This means that Apple’s installed base of iPhones and iPod Touches represents one single huge and growing market for App developers. If you’re an Android, Blackberry, or Windows Mobile developer not only is your “market share” actually sliced into a bunch of varyingly interoperable pieces, but you’ve got no culture of buying and trying apps, and no history of upgrading phones to a common platform after release. (I didn’t lump Palm in there because it’s just possible — given the takeover of engineering by ex-Apple folk — that they’re not so stupid as to slice and dice their platform moving forward.) If you’re targeting this year’s Blackberry 8xxx then your market slice is only going to shrink as Blackberry switches to selling different phones with random screen resolutions, cpus, RAM, etc. and users switch to new phones.
CNN has a story about Android platform differences (three OS versions, firmware differences, etc.) making life difficult for developers.
Meanwhile, Ray Ozzie is saying that the number of apps available on a given mobile platform is irrelevant because “Mobile apps require very little development, so it’s much easier to bring them onto every platform”. (Recall that Ray Ozzie’s chief claim to fame is Lotus Notes — make of that what you will.)
A fellow named Russ Beattie (who incidentally works for Nokia) provides concrete examples of just how fragmented the Android market is right now. (The title of his blog entry is “Android is splintering, just not how you think it is” — I don’t think I’m the “you” he’s referring to, since the fragmentation he describes is exactly what I’m talking about.)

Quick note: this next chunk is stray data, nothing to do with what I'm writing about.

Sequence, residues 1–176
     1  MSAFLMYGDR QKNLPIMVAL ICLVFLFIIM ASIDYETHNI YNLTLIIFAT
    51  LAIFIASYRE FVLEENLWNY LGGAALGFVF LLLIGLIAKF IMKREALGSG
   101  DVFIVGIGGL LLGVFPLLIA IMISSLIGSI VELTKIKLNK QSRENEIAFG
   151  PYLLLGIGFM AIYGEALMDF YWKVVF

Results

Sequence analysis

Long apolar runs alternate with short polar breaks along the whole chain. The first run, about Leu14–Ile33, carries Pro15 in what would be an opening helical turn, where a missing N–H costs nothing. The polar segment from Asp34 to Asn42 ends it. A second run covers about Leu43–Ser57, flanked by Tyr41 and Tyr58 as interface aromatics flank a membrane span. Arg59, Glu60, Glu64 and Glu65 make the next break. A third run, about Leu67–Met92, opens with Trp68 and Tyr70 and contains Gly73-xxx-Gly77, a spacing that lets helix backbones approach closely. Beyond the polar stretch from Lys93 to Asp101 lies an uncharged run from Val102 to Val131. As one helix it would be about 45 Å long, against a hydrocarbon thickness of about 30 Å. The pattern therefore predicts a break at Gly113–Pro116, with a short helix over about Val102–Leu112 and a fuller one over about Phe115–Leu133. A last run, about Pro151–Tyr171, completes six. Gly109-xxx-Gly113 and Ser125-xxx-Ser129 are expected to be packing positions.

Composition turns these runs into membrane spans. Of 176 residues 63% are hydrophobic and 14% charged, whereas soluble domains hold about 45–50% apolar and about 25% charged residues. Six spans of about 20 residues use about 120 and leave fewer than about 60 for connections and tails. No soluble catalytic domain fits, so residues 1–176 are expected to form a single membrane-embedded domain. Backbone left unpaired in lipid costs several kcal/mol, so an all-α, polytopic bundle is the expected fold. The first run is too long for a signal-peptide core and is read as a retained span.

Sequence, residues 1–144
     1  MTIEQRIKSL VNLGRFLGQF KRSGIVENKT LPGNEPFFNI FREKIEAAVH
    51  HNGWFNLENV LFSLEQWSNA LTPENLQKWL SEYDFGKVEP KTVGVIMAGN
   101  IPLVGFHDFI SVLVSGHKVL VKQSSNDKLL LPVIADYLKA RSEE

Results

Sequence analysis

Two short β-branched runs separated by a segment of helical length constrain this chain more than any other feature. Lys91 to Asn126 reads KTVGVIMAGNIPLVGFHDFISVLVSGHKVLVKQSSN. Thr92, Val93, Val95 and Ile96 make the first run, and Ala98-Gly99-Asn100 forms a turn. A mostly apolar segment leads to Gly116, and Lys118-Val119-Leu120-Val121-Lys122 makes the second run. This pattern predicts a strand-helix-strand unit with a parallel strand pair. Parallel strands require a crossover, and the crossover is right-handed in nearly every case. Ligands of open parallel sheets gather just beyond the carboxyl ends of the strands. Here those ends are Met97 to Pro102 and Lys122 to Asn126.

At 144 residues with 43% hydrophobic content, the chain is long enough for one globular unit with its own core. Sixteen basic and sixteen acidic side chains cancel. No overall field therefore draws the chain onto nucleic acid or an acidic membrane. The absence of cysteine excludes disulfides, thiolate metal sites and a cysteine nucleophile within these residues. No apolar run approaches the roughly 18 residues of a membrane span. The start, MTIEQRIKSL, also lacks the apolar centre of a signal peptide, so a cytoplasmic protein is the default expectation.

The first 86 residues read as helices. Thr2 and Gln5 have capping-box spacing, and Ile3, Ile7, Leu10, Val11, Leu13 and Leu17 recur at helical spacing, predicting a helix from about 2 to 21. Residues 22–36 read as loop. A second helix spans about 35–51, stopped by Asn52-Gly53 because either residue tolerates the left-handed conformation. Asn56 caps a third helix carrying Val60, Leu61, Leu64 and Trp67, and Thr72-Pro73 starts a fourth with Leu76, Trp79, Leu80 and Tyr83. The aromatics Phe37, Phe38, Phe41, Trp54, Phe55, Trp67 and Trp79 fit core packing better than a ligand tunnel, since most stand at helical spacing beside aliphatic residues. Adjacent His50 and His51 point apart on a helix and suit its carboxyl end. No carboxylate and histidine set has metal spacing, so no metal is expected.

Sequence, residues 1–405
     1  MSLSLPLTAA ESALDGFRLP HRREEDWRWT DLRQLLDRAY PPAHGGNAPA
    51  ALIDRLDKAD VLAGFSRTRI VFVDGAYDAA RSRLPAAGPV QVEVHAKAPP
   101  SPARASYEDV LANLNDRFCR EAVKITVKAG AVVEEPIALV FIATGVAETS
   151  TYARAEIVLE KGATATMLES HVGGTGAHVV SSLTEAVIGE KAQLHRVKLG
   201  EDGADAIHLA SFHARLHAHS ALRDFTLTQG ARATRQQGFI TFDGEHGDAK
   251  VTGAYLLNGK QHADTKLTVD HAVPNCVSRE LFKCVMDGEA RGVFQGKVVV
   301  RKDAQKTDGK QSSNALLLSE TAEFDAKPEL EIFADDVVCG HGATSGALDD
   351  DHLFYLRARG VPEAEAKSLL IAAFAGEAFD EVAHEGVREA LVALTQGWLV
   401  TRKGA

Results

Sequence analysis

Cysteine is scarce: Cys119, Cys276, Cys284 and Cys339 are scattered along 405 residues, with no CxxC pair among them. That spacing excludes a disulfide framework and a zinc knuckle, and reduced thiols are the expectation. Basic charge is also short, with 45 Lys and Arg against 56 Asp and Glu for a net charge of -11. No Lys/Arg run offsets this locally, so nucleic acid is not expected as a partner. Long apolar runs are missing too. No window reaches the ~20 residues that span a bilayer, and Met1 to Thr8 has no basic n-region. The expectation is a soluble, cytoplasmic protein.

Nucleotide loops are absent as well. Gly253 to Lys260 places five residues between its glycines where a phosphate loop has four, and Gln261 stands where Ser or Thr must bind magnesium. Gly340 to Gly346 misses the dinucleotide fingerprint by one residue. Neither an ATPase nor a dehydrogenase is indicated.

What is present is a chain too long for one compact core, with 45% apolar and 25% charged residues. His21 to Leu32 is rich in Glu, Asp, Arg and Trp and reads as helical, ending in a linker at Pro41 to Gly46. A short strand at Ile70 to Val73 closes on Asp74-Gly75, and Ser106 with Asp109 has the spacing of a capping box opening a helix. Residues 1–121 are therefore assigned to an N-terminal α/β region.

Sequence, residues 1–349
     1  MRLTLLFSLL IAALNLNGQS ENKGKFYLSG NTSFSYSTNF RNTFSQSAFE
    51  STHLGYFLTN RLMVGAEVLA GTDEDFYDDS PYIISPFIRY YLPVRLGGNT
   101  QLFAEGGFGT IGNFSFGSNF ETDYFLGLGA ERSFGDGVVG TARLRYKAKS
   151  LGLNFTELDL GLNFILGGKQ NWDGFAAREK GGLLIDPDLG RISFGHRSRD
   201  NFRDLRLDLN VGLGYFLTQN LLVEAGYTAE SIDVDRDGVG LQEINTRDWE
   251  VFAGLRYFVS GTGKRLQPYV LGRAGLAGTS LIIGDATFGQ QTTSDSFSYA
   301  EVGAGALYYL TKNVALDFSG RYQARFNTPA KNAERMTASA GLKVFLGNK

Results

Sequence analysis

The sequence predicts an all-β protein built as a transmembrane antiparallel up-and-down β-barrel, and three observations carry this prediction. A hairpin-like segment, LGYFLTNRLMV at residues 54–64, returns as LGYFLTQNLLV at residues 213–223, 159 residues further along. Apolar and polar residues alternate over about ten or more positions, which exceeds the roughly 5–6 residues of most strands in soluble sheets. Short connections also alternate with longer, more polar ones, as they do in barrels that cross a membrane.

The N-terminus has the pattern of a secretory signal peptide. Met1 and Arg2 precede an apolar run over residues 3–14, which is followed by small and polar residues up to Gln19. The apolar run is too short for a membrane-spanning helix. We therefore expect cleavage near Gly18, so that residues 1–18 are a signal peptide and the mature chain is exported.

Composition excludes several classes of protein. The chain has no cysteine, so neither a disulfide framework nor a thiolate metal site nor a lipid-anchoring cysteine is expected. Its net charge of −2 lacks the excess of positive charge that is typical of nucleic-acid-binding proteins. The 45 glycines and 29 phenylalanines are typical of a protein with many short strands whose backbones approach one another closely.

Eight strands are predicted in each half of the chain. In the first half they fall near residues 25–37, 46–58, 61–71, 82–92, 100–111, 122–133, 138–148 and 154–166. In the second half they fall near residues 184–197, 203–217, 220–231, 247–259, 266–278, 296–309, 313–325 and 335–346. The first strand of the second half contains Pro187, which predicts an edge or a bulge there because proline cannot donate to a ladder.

Tim Bray dismisses all these concerns:
I’m pretty sure anybody who’s been to the mat with the Android APIs shares my unconcern. First of all, a high proportion of most apps is just lists of things to read and poke at; another high proportion of Android apps are decorated Google maps and camera views. I bet most of those will Just Work on pretty well any device out there. If you’re using elaborately graphical screens you could do that in such a way as to be broken by a different screen shape, but it seems to me that with just a little work you can keep that from happening.
So, basically the problems won’t affect most apps because their functionality is trivial, and fixing other problems requires “just a little work”. So I can build an app for one particular Android handset — let’s say whichever seems most popular right now — and hit, say, 25% of the Android market (a 25% which is likely to fade away as some other “flavor of the month” phone is released), and then with “a little work” deal with the other little bits and bobs, or I can just develop an iPhone / iTouch / iTheNextThing app (and sell 400x as many copies).
Let me just dwell on the “little work” thing for a moment. Fitting a UI into 480×320 pixels or so is no trivial matter — unless you simply don’t give a damn. Chances are you sweat over every pixel. Now, trying to provide an equally good experience at 320×400 and 480×360 and so on is going to drive you nuts. Again, it won’t be a problem if you don’t give a damn. So, what kind of app developers will live in Android-land? I guess the kind who develop “lists of things to read and poke at” and “decorated Google maps and camera views”.
Most of his readers disagree strongly, e.g.:
I had the “oh, whatever, just make a fluid layout” attitude also, and then I was struck down by reality. It was worse than I imagined.